Given the launch of JangoMail's new interface a couple weeks ago, private label solutions can now be upgraded to use the new interface.  The one key difference in personalizing the private label application now versus in the old interface, is now you can upload a custom stylesheet (CSS file) which will override the JangoMail default styles.  Previously, you had to delinate ahead of time logo choices and color choices for certain areas of the application.  Now you have the ability to override any style by uploading your own CSS file to

To upgrade your private label solution to the new user interface, follow these steps:

1. Contact Support and ask them to convert your master account to the new UI.

2. After the appropriate response, login to your master account from website.

3. You can customize all styles within the interface by overriding the default JangoMail styles.  Upload your CSS file to  The easiest way to determine what styles to define is to use the Google Chrome browser while logged into the private label, and hover an area you'd like to change, and hit CTRL+SHIFT+C to reveal the style tag associated with that element.

In this example, the style div#wrapperNav is revealed, and can be overridden.  Create a file called CustomStyles.css and FTP it to the root of

4. You can experiment with your CustomStyles.css file on your master account until the desired look and feel is achieved.  After you are done designing, contact Support again to upgrade your sub-accounts to the new interface.

Friday, September 13, 2013

Get The Click: Five Effective Subject Line Strategies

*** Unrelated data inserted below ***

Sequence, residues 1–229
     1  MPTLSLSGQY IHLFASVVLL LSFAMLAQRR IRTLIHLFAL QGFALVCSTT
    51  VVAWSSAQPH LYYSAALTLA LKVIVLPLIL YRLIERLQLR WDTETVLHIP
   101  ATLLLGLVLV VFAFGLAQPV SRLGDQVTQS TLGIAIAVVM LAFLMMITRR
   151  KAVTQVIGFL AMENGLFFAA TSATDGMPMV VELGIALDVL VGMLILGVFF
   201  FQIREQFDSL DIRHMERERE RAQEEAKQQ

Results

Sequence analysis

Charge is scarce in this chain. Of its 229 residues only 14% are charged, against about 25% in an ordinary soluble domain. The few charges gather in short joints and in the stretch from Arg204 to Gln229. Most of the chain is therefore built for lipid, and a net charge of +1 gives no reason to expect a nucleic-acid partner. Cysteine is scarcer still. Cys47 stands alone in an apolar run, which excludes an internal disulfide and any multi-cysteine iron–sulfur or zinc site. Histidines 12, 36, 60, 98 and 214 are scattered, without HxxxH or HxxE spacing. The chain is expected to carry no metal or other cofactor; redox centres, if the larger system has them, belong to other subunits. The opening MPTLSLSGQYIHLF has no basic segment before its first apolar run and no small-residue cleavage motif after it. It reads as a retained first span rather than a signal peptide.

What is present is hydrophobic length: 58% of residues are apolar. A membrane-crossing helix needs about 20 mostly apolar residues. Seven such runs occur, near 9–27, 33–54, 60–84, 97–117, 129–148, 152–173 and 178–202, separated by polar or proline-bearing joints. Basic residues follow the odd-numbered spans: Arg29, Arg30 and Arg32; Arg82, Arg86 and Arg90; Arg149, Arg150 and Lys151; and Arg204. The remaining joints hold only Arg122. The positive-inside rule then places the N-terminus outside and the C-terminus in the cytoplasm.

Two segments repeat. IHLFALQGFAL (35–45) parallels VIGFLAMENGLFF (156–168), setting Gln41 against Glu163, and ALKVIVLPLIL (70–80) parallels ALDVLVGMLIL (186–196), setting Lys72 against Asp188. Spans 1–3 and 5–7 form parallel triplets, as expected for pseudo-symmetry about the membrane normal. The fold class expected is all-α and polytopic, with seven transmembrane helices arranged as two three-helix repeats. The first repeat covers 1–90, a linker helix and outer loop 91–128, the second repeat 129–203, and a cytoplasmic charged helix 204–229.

By: Melonie Mottice
Marketing Specialist

It all starts with the email subject line; the first thing people see when they receive an email. The goal of any effective email relationship is to hook the attention of your audience right from the start, delivering your message in full to retain high open rates.  So, how do you get the click?  Follow these five simple, yet effective subject line strategies to keep them coming back for more!

1.  Be Direct And To The Point:  At glance, your subject identifies the content of the email. Whether you are announcing a special offer, event, or news update, be clear about the campaign.  Don’t send mixed signals.  We recommend approximately 50 characters or less, with the exception of highly targeted emails.

2.  Keep The Mystery Alive:  Don’t lay it all out on the line.  We want to intrigue our readers to read on, inviting them to open the email and read our message in full.  Use catchy words to trigger interest, while capturing the purpose of the email.